One purpose of the Defamation Act 2013 was to stamp out ‘libel tourism’ – wealthy foreign business people and celebrities using English courts to sue (mainly US) publishers. One high-profile example was the Saudi billionaire who in 2005 successfully sued an American researcher in the UK, where her book had sold just 23 copies over the internet. This led the US to introduce in 2010 the SPEECH Act, which makes foreign defamation rulings unenforceable in the US unless the judgment is consistent with US law.

Taking that cue, section 9 of the UK act says that where the defendant is domiciled outside the EU or EFTA, the court will not have jurisdiction to hear a defamation claim unless England and Wales is ‘clearly the most appropriate place’ in which to bring it.

Before the act there were more cases against American defendants than now, says Jonathan Barnes, a barrister at media and entertainment set 5RB, but he adds: ‘What the act doesn’t do is limit claimants [by location]. They can still sue in England regardless of nationality, or domicile or residence.’ Take Bruno Lachaux, a French national who lives and works in Dubai and has no connection with the UK other than his British ex-wife. He never lived or worked in the UK and visited London only occasionally and briefly. As Lewis puts it: ‘Lachaux might be helpful guidance on to what extent libel tourism still remains.’

Carter-Ruck managing partner Nigel Tait points to another recent case, Alvaro Sobrinho v Impresa Publishing SA where the claimant, a dual Angolan-Portuguese national brought libel proceedings in England against a Portuguese newspaper with only negligible readership in the UK. ‘At first blush, you might think that’s a libel tourist who is suing in England, but the court couldn’t stop it on libel tourism grounds because we signed up to European law,’ he says.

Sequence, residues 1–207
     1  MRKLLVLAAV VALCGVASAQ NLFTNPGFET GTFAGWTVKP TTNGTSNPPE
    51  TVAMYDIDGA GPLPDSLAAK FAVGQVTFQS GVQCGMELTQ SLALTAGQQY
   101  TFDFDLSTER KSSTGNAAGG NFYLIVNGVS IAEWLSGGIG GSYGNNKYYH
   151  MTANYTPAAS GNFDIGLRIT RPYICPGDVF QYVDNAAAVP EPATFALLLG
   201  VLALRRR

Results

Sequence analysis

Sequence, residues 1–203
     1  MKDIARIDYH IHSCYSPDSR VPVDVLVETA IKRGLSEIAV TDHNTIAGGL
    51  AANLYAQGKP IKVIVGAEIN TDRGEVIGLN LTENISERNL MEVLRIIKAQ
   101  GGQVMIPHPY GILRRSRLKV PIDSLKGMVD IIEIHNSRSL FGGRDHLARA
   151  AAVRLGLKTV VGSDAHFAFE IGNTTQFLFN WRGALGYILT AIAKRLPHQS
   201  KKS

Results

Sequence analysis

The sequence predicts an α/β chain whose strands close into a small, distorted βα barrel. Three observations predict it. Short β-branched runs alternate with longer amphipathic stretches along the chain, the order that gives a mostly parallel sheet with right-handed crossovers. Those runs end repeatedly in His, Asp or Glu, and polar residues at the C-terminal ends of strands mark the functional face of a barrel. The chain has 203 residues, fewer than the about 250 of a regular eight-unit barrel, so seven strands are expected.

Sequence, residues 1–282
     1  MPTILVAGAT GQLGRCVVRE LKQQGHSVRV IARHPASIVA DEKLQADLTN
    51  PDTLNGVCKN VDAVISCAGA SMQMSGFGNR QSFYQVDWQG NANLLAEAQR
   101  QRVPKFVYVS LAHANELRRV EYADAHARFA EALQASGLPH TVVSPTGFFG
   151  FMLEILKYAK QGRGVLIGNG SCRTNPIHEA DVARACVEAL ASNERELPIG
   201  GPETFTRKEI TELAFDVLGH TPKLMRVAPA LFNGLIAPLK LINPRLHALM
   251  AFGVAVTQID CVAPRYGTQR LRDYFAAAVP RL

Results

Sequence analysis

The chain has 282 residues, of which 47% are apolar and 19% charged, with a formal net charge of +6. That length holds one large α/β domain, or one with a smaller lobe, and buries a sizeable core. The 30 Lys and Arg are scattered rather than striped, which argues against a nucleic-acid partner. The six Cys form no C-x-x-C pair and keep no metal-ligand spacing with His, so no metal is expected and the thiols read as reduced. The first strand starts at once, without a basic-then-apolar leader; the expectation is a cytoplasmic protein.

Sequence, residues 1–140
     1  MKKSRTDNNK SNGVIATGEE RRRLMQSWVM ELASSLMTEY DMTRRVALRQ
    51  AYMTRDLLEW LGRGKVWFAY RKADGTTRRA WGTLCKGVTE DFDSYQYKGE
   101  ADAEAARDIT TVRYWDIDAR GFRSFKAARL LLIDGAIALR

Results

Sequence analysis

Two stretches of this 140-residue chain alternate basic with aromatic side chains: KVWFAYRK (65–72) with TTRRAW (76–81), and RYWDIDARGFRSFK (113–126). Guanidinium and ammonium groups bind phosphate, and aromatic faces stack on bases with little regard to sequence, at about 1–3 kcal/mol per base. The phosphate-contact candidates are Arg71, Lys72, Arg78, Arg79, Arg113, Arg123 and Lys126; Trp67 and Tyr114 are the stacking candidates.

But restoring a client’s reputation does not necessarily imply court action. ‘Most social media defamation will not meet the serious harm threshold because there isn’t sufficient publication,’ Coad says. He adds that in the ‘wild west’ of social media with ‘a lot of crazy people who don’t give a flying poo about the law’, issuing a claim could backfire.

Coad contends that social media has a limited impact on corporate clients: ‘The real problem comes if and when a newspaper picks up a story on social media and then runs with it, and that’s the point at which I normally get called in.’

So what are the alternatives to issuing legal proceedings?

Lawyers can request online intermediaries to remove the offensive content and threaten a lawsuit if they do not – in Google v Tamiz, the Court of Appeal said that Google could be liable for defamatory posts on its platform, if, after being put on notice by the claimant, they did not remove the content within a reasonable time, Wilson points out.

Lawyers also work with private investigators, computer experts and PR specialists to track down the originators of the postings, and demote negative comments on search engines. ‘There is a huge industry involved in taking down postings on social media. It is very refined and sophisticated,’ says Carter-Ruck’s Tait.

If the vast majority of ‘self-publishers’ are immune from legal action, a handful have got so big they are beginning to be treated as traditional publishers. Seddons partner Mark Lewis cites the example of Katie Hopkins, who has over 600,000 Twitter followers. ‘It is proper publishing if you have 600,000 followers and you are going on the attack against individuals. It’s inevitable that somebody might sue you for libel,’ he says. Lewis is acting for activist and writer Jack Monroe, who is suing Hopkins over a tweet Hopkins sent that allegedly accused Monroe of supporting war memorial vandalism, an allegation which Monroe, daughter of a Falklands veteran with a brother in the RAF, said was untrue.